College is the time in a person’s life when they start to learn how to manage money.
Rob Brown author of Wealthing Like Rabbits, spoke to audiences earlier this month about financial literacy in a series of IGNITE sponsored events at Humber’s campuses.
Debt management and how to save money were topics Brown discussed in his book and during his talks with college students.
Brown’s book takes a comedic approach to managing money and is targeted at a young adult audience who otherwise may not be interested in the topic.
Carolyn Fallis, Business Administration Program Coordinator at George Brown College, said the need for students to have financial skills is growing more and more every year.
“Post-secondary has ballooned in cost and living expenses are outrageous,” Fallis said. “We know that post-secondary education is a huge expense. There’s a cost to everything and you need financial skills when it comes to budgeting for each semester.”
Some students receive thousands of dollars a year from resources like the Ontario Student Assistance Program (OSAP) yet most have never been taught how to manage that kind of money.
“In many cases it’s the first time where they are on their own,” she said. “Even if they are living at home, they are taking a step into the adult world.”
Whether it’s taking the bus, buying a coffee or paying for tuition, college students are expected to pay for things all on their own. But when it comes to education, English and math are seen as the basic skills that every person needs.
However, some would argue that financial literacy is just as important as English and math.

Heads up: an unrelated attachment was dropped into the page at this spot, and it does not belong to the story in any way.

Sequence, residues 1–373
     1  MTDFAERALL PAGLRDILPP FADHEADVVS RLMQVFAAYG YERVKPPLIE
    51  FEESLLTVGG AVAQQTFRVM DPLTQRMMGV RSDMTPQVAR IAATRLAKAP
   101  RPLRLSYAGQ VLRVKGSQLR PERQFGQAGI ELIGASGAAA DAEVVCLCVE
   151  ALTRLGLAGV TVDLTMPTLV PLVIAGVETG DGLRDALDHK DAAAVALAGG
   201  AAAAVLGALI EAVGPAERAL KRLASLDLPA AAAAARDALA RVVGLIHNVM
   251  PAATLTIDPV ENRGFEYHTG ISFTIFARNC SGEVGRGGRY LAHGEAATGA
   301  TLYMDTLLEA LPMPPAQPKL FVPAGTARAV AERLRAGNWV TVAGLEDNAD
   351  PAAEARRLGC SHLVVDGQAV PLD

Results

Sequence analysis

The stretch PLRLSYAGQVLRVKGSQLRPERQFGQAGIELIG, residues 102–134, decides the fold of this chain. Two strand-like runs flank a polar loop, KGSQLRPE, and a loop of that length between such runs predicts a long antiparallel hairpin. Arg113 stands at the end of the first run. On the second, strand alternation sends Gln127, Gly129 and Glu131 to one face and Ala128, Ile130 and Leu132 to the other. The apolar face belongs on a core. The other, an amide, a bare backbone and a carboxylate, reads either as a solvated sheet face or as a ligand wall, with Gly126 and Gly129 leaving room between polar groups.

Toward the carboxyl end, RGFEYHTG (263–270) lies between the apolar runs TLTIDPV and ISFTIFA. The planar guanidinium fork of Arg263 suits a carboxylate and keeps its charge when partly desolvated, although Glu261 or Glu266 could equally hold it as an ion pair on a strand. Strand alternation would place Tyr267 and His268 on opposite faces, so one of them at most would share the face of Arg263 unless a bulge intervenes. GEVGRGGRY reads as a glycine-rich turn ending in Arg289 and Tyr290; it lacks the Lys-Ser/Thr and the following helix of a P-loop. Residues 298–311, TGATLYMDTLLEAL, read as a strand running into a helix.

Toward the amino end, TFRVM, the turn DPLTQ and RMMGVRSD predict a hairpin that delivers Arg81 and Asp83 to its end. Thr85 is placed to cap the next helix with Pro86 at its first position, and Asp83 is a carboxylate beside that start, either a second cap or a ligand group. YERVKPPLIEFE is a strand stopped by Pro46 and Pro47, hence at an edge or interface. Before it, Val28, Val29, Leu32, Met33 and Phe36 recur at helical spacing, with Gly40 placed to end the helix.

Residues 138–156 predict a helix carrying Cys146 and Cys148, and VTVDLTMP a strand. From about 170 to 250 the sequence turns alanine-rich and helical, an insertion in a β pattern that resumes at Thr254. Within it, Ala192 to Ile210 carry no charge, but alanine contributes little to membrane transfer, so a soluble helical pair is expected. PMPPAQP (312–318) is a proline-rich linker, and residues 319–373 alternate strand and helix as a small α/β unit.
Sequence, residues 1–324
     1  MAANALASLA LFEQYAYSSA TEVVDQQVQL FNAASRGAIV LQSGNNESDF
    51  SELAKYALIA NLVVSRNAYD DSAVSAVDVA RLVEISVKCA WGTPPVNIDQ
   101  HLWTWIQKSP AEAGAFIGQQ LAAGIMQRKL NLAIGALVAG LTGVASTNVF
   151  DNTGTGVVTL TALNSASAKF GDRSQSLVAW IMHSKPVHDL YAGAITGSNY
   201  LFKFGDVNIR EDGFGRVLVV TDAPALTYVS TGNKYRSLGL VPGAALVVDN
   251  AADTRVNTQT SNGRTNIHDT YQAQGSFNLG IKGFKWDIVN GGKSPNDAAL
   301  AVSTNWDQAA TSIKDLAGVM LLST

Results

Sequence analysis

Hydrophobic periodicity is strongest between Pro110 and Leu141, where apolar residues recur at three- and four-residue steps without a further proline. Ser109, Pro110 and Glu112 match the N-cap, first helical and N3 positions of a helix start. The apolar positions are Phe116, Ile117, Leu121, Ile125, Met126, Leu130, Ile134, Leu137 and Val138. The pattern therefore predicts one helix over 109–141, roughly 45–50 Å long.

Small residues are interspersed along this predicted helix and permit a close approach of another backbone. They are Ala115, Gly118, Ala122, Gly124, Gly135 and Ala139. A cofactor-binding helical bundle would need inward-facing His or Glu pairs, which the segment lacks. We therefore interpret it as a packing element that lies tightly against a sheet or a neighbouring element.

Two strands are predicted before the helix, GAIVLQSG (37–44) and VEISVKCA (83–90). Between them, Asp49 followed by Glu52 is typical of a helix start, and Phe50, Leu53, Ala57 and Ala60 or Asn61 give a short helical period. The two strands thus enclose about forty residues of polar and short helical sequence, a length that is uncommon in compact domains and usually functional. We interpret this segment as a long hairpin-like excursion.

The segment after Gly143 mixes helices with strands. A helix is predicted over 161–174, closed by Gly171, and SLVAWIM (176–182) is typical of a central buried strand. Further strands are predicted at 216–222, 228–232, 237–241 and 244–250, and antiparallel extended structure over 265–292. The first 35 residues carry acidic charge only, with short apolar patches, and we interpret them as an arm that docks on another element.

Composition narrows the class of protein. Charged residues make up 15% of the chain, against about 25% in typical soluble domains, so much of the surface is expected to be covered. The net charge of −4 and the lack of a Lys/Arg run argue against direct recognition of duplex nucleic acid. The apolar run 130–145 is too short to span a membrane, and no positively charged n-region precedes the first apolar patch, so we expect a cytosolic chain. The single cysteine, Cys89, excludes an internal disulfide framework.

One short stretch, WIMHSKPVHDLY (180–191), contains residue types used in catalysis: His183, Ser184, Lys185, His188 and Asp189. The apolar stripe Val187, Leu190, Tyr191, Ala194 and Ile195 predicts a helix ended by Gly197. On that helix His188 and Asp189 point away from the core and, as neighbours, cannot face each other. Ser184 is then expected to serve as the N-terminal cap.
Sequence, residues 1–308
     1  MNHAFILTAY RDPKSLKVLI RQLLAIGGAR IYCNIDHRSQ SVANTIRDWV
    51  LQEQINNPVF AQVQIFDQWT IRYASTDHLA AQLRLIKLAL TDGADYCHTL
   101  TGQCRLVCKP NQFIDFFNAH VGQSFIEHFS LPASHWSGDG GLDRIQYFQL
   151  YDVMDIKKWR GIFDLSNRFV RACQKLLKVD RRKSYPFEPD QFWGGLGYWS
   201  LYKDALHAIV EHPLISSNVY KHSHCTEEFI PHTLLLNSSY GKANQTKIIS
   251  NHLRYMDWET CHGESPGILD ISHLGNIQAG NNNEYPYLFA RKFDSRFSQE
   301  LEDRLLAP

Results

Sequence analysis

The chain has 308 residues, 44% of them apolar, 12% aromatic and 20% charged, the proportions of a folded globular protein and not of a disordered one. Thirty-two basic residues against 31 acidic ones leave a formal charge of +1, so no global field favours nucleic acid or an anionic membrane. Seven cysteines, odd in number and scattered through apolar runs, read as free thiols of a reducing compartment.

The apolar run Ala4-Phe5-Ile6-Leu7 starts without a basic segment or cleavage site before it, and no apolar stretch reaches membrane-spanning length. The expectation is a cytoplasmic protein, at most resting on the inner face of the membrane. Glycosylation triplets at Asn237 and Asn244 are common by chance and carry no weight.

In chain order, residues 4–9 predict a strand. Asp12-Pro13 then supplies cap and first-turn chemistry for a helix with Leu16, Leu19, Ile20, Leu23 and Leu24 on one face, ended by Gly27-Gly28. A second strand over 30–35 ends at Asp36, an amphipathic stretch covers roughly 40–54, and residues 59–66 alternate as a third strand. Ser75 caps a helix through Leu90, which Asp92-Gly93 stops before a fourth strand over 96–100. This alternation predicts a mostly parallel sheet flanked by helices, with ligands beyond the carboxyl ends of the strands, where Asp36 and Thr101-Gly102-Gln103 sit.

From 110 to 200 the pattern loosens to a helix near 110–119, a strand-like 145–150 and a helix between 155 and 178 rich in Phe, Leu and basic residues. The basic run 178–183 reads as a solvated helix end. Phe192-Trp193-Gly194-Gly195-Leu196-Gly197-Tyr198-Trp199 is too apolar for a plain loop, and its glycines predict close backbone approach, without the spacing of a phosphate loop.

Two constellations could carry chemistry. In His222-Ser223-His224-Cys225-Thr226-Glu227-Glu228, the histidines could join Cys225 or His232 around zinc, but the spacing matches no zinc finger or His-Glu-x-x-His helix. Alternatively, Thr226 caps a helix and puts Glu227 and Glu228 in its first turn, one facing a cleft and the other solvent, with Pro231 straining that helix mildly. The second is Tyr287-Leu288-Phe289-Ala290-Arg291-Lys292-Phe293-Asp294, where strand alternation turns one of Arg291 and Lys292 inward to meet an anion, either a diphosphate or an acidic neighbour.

“I would be a big proponent for financial literacy to be incorporated into orientation at the post-secondary level,” Fallis said.
At Humber, each student is required to take English and a General Elective each semester, yet there is no general requirement of taking a course on financial skills. This is the same for almost all Ontario colleges.
“Students should lobby to have a foundations course in personal finance,” said Maria Racanelli, Business Administration Program Coordinator at Humber. “The business school could look into it.”
Debt is a huge problem for almost all students attending post-secondary institutions.
Most end up paying off their tuition years after they complete their education.
“There’s a reason why Canada has one of the highest [levels of] debt per capita,” Racanelli said. “For every dollar we make we owe [about] $1.68.”
Cat McGregor, a 30-year-old college graduate, said she spent years paying off her loans from school.
“I wish we had a financial literacy course back then,” McGregor said. “It probably would’ve prevented me from being in all that debt.”